George Soros – the billionaire hedge fund investor turned philanthropist has laid into Facebook and Google, but says that EU wide regulations are at least holding the companies in check. Under GDPR rules, Facebook could theoretically be fined $1billion, Google even more. But would regulators dare?
Speaking at the World Economic Forum at Davos, George Soros said that Facebook and Alphabet subsidiary Google, “deliberately engineer addiction to the services they provide.” He added: “This can be very harmful, particularly for adolescents. There is a similarity between internet platforms and gambling companies. Casinos have developed techniques to hook gamblers to the point where they gamble away all their money, even money they don’t have.”
Soros continued: “Social-media companies are inducing people to give up their autonomy. The power to shape people’s attention is increasingly concentrated in the hands of a few companies threatening the concept of ‘the freedom of mind.’”
Turning to the subject of data, he said: “They exploit the data they control, bundle the services they offer, and use discriminatory pricing to keep for themselves more of the benefits that otherwise they would have to share with consumers.”
And yet, within Europe he was more hopeful. He said: “The European Union is better situated because it doesn’t have any platform giants of its own,” and “Europe has much stronger privacy and data-protection laws than America.”
He continued, “Commissioner Vestager (European Commissioner for Competition) is the champion of the European approach. It took the EU seven years to build a case against Google, but as a result of her success, the process has been greatly accelerated. Due to her proselytizing, the European approach has begun to affect attitudes in the United States as well.”
But this begs the question, will GDPR – General Data Protection Regulation – really clip Google and Facebook’s wings?
GDPR relates to individual’s personal data, if the data is anonymous, and cannot be ascribed to individuals, it may fall within permissible uses within GDPR. But, in the age of AI analysing data across data streams, it can be pinpointed with unnerving accuracy.
In 2009, the Electronic Frontier Foundation (EFF) said that new changes “are clearly intended to push Facebook users to publicly share even more information than before. Even worse, the changes will actually reduce the amount of control that users have over some of their personal data.”
In short, Facebook has form.
But recently, Facebook COO Sheryl Sandberg said that the company is “rolling out a new privacy center globally that will put the core privacy settings for Facebook in one place and make it much easier for people to manage their data.”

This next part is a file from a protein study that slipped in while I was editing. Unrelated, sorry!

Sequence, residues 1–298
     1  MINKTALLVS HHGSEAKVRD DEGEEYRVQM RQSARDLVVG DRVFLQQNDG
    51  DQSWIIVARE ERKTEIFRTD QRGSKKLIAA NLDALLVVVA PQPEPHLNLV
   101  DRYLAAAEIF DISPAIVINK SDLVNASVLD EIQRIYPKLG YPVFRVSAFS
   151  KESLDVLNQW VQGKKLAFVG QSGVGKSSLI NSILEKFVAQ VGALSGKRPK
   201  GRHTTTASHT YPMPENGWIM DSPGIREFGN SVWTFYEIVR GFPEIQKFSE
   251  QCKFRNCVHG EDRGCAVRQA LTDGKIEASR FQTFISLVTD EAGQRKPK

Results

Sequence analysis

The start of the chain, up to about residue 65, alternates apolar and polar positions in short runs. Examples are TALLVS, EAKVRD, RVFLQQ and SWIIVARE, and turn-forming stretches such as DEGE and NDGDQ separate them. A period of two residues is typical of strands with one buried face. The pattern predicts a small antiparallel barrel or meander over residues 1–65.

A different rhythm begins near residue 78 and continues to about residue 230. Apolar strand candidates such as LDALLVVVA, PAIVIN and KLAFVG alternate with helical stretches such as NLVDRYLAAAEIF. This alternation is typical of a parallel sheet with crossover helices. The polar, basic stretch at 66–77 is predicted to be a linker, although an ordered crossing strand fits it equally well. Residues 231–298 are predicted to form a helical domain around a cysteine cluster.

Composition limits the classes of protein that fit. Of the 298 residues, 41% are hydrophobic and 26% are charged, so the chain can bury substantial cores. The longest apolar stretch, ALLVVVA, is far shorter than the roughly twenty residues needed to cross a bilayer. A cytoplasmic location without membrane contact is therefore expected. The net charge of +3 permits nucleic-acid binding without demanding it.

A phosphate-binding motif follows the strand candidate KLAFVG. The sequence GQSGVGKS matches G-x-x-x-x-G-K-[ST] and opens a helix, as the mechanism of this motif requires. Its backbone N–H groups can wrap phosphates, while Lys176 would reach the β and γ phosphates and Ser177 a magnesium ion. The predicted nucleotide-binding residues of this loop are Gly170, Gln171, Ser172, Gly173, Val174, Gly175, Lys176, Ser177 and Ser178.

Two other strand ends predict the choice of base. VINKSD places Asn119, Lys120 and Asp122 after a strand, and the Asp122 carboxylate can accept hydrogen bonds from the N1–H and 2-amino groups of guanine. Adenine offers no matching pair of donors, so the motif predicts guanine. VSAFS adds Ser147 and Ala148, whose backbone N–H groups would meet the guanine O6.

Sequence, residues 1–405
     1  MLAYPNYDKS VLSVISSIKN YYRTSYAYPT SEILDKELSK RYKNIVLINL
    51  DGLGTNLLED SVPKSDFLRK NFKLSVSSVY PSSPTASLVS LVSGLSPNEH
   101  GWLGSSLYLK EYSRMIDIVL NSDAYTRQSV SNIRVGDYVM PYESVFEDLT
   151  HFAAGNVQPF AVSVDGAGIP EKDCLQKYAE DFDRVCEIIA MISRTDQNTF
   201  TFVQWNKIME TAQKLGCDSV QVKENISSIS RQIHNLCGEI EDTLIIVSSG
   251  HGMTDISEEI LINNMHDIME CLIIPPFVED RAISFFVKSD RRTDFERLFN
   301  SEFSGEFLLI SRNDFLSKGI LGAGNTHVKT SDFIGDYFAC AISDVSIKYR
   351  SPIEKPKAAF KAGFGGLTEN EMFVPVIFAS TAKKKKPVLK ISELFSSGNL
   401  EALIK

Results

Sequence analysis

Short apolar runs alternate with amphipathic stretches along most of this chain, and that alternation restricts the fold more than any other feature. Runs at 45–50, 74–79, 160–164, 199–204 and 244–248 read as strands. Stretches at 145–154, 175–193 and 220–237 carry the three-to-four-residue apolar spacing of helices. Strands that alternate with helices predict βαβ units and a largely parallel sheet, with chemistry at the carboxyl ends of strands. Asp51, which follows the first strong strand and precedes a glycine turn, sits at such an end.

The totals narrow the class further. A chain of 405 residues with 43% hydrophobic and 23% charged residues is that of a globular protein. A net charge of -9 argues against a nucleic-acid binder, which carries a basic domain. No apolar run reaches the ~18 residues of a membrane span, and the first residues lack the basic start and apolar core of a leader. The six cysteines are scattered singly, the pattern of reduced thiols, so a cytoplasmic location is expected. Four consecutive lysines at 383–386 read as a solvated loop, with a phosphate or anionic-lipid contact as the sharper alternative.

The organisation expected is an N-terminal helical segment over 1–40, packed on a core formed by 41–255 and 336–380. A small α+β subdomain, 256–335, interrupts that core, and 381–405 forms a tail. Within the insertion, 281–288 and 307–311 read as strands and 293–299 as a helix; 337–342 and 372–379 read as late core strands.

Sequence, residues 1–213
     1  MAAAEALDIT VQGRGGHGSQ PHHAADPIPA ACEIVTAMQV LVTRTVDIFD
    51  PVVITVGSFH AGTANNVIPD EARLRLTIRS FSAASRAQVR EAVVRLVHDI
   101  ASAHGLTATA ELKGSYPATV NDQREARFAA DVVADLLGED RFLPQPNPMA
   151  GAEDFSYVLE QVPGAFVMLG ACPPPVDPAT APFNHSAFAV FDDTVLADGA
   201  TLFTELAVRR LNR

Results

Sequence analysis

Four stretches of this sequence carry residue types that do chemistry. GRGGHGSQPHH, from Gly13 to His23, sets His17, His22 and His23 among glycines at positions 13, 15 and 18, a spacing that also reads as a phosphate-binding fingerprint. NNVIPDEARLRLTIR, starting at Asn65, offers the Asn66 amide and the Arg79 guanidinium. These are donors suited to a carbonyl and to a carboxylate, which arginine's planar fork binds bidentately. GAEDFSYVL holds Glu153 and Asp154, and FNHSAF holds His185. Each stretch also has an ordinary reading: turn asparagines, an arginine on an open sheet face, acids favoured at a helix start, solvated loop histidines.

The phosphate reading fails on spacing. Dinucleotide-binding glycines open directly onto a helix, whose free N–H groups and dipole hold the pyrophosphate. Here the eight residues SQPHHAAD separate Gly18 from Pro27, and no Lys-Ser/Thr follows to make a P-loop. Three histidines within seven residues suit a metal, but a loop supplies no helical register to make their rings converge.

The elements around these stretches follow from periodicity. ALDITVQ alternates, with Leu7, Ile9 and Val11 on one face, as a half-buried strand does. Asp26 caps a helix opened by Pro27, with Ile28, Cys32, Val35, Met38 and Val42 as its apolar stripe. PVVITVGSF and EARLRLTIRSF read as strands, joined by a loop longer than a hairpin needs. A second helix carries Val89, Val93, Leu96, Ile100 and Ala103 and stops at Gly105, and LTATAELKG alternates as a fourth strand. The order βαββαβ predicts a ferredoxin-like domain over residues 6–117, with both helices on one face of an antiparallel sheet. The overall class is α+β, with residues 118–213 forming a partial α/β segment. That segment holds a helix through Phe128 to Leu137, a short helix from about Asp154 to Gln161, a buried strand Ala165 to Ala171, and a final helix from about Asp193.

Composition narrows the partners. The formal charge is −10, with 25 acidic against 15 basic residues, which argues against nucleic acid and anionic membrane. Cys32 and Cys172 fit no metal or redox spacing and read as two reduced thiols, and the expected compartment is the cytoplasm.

Last year the company said that it had put together “the largest cross functional team” to support General Data Protection Regulation compliance.
And yet, if George Soros is right, at core, social media companies apply data in a way that is surely contrary to the spirit of GDPR.
The regulation that is coming into force on May 25th, could entail fines of up to four per cent of a company’s turnover. For Facebook, this could be a billion dollars plus, for Alphabet, fines could be four times more than that, and for that matter, Alphabet has already been fined more than that by the EU over anti-trust issues.
GDPR rules means customers must freely give permission for their data to be used by a company. This means that they cannot be coerced to give permission or give permission in exchange for receiving a service. Presumably, they cannot be manipulated to give permission either, the very thing George Soros says social media companies are doing.
But would regulators really dare fine Facebook a billion dollars? They have proven themselves willing to fine US techs in the past, but if they did, GDPR would certainly start making the headlines, but then that is something that regulators do want. They just need an excuse.
GDPR Summit Series is a global series of GDPR events which will help businesses to prepare to meet the requirements of the GDPR ahead of May 2018 and beyond.
Further information and conference details are available at http://www.gdprsummit.london/